Making mindfulness simple again with Linda Esposito

Making mindfulness simple again with Linda Esposito - Episode 179 of The Slow Home Podcast

Meiying Ng

My favourite psychotherapist, the lovely Linda Esposito returns to the poggie today after last chatting with me way back in November 2015. Linda can always be relied on to cut through the BS that occasionally attaches itself to conversations about health, mindfulness and wellness, and I never fail to walk away from our conversations with a new perspective.

Recently Linda posted on Instagram about the overcomplification of mindfulness and why we need to bring it back to its simplest form, and we talk about that idea in today’s episode. Personally I worry that the over-engineering (and the commoditisation) of mindfulness is turning people away from an idea that, at its core, is incredibly simple and powerful, and Linda has some advice on how to adopt a simple kind of mindfulness for those of us who feel overwhelmed at the sheer volume of information out there.

I also ask Linda question I’m asked a lot: As we begin to make positive changes in our lives, as we begin to live more mindfully, why do we so often find ourselves feeling better in some ways but worse in others? Why do we feel more aware of the discomfort and overwhelm in our lives, when we’re actively trying to reduce these? And, importantly, what can we do about it?

Linda and I also talk about boredom and why it’s so important, and the benefits and value in not doing. We chat about meditation and the impact it has on our cognitive functions, as well as its far-reaching benefits.

Enjoy!

(Be sure to check out the links below to connect with Linda, and for more information on the live Patreon-exclusive video call early next week.)

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9 Responses to Making mindfulness simple again with Linda Esposito

  1. I think part of it comes down to the fact that adopting mindfulness practices, embracing them, means letting go of old ways and old lifestyles. The discomfort and awareness comes from the realization that the old wasn’t truly beneficial to you, even if you enjoyed those things. Growth always comes with growing pains! Ultimately, however, when we push through it it’s all worth it in the end to be a mindful, grounded human being.

    I enjoyed your post!

    – Shannon | http://www.goingwithhappy.com

  2. Just wanted to let you guys know that the sound was buggy in the episode. There were a few points where I couldn’t even hear what Brooke and Ben were saying.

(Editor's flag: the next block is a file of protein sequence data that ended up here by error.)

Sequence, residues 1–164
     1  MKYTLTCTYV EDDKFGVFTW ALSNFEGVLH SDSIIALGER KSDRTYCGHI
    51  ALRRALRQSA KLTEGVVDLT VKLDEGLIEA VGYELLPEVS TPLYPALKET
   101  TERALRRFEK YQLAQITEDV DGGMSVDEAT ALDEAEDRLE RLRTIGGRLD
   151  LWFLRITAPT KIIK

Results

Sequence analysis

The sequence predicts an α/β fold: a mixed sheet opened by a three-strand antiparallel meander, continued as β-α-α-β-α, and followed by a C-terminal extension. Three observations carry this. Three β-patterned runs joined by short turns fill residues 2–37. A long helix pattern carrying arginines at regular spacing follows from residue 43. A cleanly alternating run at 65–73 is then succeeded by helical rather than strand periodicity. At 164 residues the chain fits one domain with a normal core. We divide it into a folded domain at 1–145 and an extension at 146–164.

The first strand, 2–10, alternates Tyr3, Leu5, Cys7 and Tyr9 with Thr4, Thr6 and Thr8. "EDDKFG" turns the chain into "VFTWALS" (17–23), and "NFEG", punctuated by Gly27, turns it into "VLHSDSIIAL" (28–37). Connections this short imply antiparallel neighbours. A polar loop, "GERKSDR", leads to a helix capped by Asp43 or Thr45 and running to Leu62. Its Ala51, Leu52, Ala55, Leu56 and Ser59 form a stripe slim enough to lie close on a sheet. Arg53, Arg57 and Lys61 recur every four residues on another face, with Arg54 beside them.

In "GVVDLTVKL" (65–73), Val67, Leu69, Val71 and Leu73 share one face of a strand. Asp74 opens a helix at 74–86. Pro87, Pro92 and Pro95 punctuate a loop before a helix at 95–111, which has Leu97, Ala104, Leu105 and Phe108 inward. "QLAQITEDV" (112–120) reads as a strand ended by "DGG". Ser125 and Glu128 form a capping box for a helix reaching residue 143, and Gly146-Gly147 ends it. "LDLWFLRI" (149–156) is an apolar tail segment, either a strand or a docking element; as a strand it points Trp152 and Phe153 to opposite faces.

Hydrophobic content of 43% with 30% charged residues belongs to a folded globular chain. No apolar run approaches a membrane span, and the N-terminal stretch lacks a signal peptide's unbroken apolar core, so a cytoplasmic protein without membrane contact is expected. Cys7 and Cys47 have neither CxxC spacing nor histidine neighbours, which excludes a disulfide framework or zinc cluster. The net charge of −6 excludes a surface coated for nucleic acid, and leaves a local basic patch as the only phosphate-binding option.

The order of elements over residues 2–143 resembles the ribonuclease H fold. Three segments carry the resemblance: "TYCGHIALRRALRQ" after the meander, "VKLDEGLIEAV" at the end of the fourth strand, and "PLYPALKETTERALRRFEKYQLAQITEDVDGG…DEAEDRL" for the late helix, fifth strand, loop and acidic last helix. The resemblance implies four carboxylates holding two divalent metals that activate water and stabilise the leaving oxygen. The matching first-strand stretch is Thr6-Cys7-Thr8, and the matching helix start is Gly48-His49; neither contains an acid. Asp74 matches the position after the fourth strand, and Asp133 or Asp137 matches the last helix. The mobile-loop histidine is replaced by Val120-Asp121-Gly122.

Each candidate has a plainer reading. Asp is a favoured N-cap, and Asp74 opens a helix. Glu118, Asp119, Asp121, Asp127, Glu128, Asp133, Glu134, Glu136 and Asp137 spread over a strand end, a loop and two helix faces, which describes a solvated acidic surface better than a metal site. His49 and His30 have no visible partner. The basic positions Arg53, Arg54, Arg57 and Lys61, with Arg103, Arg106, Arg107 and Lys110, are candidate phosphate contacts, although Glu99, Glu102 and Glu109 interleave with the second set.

Regardless, the message still got through another great episode. :)

  3. Hey, as requeste, letting you know the sound was having issues. I had to keep my fingers on the volume buttons to constantly adjust the volume going up and down, mostly when Brooke spoke.

    I am using the apple podcast app on iPhone 6s and using apple earphones.

    Long time listener- thanks for al the effort you guys put in :)

  4. Hi

    You asked for feedback on any sound issues after 177. Sorry to say I am still having problems. The sound fades as though both Brooke and Ben are turning away from their microphones. Love the podcasts but the sound issues are very frustrating!

  5. This was an amazing conversation. Here’s my issue…
    I am mindful and more aware of myself and my feelings in the moment. The problem I run into is that I feel very aware of other people and situations. How can I tune into my own awareness but not everyone else’s.
    This is definitely an episode I want to listen to twice…it was that good!

  6. Thank you for the kind words, Joanna. Mindfulness takes a lot of practice, for sure. One strategy to overcome awareness overload is to gently take yourself back to focusing on your feelings. If that is challenging, perhaps focus on your breathing patterns and your physiological response to sitting in silence and practicing mindfulness. Feelings are a result of thoughts so asking questions about why you think the way you do, or “is there another way of seeing this situation?” may help with clarity.

    Hope this is helpful!

  7. Thank you Brooke and Ben! It’s always a pleasure to share mental health and wellness on your lovely platform, and I could listen to both your voices forever!

    Also, I apologize because I didn’t answer the question about Brooke’s common question from audience members re: ‘how to get others to practice mindfulness?’

    Because mindfulness includes many iterations (and asking someone to try it may include an actual or perceived value judgement), I suggest asking yourself why you would like this person to be more mindful.

    Often therapy clients will say that a particular person in their life “really needs therapy.” And while this may be true, I gently remind my client this person is not in the therapy room, “…but you are, so let’s focus on the changes you’d like to make.”

    The simple answer would be to share how mindfulness has helped you and if this other person asks questions or seems interested/curious, proceed with a resource or two. If they change the subject or yawn, now is probably not a good time to discuss mindfulness.

    Thank you again for allowing me to be a Slow Home guest :)

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